But Baylor, now the Rockies' hitting coach, accomplished a career first on Sunday, when he handed in the lineup card as manager of Team USA at the XM All-Star Futures Game.
"I played here, but I've not managed here," said Baylor, who managed the Rockies and the Cubs but never made it to Anaheim for Interleague Play. "This is the first."
Even though the park has undergone major changes over the years, such as a renovation to accommodate the Los Angeles Rams in 1980 and an ersatz geological formation added to center field in later years, Baylor said he feels at home. He also said that the current ownership, led by Arte Moreno, has treated him as one of the Angels' own even though Baylor never played for him.
"I really like when I first came here and 'The Big A' [a steel "A" with a halo on top that is the distinguishing feature of the stadium complex] was on the field out," Baylor said. "We always tried to take batting practice and see if we could hit it.
"It's where I made an impact here. We won in '79 and '82 -- the first two division championships. The disappointing time for me was when I left here. I established a cystic fibrosis golf outing in 1977 that I still have. The Angels are involved in it."
On Sunday, Baylor was more concerned about the future than Angels memories.
Baylor, 61, whose name has been mentioned publicly as a candidate for the Orioles managerial job after the season, described the experience of managing future stars as refreshing.
"I told them I wish I was in their place and had the opportunity when I was 18, 19, 20 years old to play in a Major League ballpark before you even play in the Majors, be on ESPN nationally to have all our friends watch," said Baylor, who added that he appreciated Rockies general manager Dan O'Dowd and team ownership for endorsing the managing opportunity even though the Rockies were playing the Padres on Sunday. "I thought you don't need too many things to rejuvenate you in this game, but this is one of them."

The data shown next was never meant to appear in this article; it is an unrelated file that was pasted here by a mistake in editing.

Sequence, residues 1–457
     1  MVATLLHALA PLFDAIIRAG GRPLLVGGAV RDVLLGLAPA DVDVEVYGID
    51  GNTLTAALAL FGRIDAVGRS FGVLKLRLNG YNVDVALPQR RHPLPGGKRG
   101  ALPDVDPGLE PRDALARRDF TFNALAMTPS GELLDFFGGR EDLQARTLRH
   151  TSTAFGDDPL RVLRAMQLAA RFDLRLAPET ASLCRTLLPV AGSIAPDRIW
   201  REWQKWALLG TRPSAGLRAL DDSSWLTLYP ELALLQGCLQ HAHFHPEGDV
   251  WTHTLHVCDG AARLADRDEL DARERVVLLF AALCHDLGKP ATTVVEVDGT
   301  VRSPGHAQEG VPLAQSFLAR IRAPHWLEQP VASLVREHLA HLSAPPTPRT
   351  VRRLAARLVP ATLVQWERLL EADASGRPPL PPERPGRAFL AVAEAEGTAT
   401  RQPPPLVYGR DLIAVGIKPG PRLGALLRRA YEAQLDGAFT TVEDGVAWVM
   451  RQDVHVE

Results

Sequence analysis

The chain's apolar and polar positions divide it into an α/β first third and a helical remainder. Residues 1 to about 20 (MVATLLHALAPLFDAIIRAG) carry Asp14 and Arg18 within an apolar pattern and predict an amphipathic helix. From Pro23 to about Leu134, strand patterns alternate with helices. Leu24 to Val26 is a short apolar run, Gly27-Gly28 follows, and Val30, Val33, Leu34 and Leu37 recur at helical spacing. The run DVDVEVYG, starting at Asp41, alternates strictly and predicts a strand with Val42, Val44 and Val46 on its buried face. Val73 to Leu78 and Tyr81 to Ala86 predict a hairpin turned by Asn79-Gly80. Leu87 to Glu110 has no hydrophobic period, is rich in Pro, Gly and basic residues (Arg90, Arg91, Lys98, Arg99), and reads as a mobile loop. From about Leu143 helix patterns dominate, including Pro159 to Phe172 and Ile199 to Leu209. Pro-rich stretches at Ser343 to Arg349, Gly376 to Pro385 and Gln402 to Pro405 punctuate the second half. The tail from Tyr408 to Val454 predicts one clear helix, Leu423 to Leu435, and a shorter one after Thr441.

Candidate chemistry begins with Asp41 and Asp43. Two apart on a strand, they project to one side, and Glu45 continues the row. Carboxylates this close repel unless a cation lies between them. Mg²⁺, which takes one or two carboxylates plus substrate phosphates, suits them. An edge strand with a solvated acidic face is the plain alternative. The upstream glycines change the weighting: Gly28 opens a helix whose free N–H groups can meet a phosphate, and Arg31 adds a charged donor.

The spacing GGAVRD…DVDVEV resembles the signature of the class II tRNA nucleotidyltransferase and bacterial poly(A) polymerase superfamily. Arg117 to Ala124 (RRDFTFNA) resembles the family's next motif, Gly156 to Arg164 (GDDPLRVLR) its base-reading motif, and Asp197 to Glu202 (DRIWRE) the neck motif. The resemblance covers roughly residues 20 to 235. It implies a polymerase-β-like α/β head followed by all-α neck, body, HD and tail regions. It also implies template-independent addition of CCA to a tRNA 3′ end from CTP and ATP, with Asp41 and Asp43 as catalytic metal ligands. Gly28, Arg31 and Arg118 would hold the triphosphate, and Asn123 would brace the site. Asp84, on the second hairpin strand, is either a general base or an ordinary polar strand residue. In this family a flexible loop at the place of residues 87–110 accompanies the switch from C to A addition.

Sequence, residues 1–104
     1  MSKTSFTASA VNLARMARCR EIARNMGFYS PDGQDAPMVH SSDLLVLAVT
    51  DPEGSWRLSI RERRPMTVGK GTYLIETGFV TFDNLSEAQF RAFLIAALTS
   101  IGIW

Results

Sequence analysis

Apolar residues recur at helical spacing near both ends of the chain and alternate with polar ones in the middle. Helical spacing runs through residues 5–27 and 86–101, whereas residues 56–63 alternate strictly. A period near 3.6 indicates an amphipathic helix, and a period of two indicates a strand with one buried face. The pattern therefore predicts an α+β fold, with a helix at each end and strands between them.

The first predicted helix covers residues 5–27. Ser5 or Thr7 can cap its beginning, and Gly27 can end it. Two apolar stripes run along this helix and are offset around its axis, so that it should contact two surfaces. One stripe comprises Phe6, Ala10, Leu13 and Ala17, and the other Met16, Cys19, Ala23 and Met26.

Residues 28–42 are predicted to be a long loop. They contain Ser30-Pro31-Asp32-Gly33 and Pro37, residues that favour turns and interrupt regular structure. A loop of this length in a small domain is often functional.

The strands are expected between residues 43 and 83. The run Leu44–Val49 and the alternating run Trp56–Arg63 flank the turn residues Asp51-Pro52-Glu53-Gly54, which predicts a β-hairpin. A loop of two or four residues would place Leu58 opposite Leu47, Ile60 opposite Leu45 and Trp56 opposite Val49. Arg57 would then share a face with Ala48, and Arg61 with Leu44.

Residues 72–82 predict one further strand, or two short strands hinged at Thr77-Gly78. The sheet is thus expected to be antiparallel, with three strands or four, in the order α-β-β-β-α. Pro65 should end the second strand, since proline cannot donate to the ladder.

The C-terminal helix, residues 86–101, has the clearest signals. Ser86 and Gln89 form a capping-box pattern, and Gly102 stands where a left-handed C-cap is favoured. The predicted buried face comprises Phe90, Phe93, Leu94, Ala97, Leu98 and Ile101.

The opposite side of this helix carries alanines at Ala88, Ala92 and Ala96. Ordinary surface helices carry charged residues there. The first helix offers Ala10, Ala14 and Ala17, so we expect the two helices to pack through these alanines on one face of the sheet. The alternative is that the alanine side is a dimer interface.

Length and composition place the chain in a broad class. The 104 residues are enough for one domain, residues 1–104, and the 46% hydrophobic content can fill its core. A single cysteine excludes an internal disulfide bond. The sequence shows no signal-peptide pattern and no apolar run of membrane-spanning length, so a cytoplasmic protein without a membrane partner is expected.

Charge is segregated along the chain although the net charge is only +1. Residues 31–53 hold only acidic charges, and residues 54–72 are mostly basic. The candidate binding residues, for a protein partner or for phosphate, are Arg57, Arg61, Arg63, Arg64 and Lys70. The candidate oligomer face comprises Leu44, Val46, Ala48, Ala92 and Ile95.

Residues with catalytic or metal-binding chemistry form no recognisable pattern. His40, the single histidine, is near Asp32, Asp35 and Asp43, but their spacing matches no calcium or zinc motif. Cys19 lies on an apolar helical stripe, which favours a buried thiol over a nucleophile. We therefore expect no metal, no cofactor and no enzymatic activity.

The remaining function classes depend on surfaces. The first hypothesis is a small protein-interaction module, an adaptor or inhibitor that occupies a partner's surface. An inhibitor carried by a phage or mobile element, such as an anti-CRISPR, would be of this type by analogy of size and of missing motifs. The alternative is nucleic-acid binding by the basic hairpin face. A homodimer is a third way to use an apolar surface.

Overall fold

Rockies catching prospect Wilin Rosario, who drove in a run for the World team and threw out two baserunners, said Baylor's instruction during Spring Training was a key to his strong first half. Baylor placed cones along the power alleys from the fence to the infield to remind players to keep the ball in the middle of the field.
"I have more confidence. I know that I need to go the opposite way -- not only hit the ball hard and make good contact, but hit the ball in the middle," Rosario said.
Baylor said he was charged to write the name of Dodgers shortstop prospect Dee Gordon into the starting lineup. Baylor managed Gordon's father, former reliever Tom "Flash" Gordon, with the Cubs in 2001 and 2002.
"It was crazy," Dee Gordon said. "I didn't know he was our manager until he stood up at breakfast. I said, 'Wow, a guy who managed my daddy is also managing me.'
"I met him then. He probably thought I was just a little kid running around the clubhouse. That's exactly what I was."
On Sunday, Baylor felt like a kid again.
Thomas Harding is a reporter for MLB.com. This story was not subject to the approval of Major League Baseball or its clubs.